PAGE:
It’s that time of year again when things begin to step up a little in the run up to Christmas and uni is back underway. This inevitably means things can get a little busier, deadlines are closing in and we can start to put our health to the back of our minds now that we have more on our plates and bikini season is over (here in the Northern Hemisphere, at least).
For Part 1 of this series I thought it only made sense to start by highlighting what you might find helpful to have in your toolkit (that might not already be there) so that you can hit the ground running and are prepared for Parts 2 and 3. Having the right tools really helps to streamline everything so, hopefully, you won’t have to spend as much time as I did figuring out all the bits and pieces together you need to make life easier (and more productive, of course!).
What the hell has productivity got to do with your health?
Quite a lot actually. Essentially, the more productive you are the more time you have to look after yourself and do the things you enjoy. And the better you look after yourself the more clear-headed, focussed and ultimately productive you can be. So there is a lot of interplay between your productivity and wellbeing, and whilst it is very impotent that we fuel ourselves correctly, rest up and prioritise self-care, it is also important that we have the tools in place to an able us to do just that. Plus, who doesn’t want to get more done in less time?!
The Tech Tools + Apps
1. Self Control
Honestly, this is a game-changer. Basically, this app makes it impossible for you to visit sites that are on your blacklist for a customisable time frame, removing a myriad of distractions. Alternatively, you can use it like I do when I’m writing, by creating a whitelist instead and change the settings (super simple to do) so that you can only visit your chosen sites whilst all others are blocked. Goodbye, procrastination!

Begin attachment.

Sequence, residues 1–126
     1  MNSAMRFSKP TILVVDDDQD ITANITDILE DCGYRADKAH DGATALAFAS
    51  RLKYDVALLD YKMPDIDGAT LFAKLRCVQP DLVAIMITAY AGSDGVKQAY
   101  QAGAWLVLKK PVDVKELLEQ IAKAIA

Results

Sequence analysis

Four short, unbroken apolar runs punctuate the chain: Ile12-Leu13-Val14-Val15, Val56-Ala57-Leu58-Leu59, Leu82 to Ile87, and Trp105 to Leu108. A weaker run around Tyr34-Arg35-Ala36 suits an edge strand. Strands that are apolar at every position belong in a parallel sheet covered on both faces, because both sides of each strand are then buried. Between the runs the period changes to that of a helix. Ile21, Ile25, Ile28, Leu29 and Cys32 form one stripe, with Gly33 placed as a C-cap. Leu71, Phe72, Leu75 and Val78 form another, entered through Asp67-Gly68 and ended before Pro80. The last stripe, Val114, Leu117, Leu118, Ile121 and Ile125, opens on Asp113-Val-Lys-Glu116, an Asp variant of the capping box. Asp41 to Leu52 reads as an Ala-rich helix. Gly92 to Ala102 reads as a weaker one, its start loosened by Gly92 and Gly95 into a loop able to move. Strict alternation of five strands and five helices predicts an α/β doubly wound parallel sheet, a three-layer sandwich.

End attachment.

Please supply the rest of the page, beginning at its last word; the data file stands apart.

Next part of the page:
NB: Self Control is only available on Macs but I believe that for PC’s there are similar apps such as Freedom, though I can’t vouch for it since I haven’t used it.
It took me quite a while to be convinced that Evernote was the way forward but I found that the more I used it the more useful it became. I use it for everything from writing blogposts and notes to backing up all my blog posts and storing inspiration, lists and useful articles that I have read (and may need to refer to in future). Familiarise yourself with all it's functions and read their blog from time to time to make sure you get the most out of it. And be sure to download the the Web Clipper - unbelievably useful. You also have your notes with you at all times since the web version can be synced with your phone, computer and tablet. I use this almost exactly as Lisa Butler describes in this article (spoiler alert: the trick is to have a lot of notebooks with fewer notes in them). At the moment I still only use the free version as this is all I need but if I find that I need more space I would be prepared to pay.
I use Things for my to-do lists, rather than having 101 pieces of paper coming out of my ears. I love the filing system set up on Things so that you can create projects and customisable ‘areas’. I’m also big on aesthetics and love the recently updated and super simple interface. Again, this can be synced with the app on you computer. There are a ton of useful features like due dates, notes, tags, the built in email function. Although, due dates can be set so that you are sent a reminder for all of the days tasks at once, it is not possible to add individual reminders for tasks but since Things can be linked to Apple’s Reminders app and task that I really want an individual reminder for can be set up there and seamlessly imported.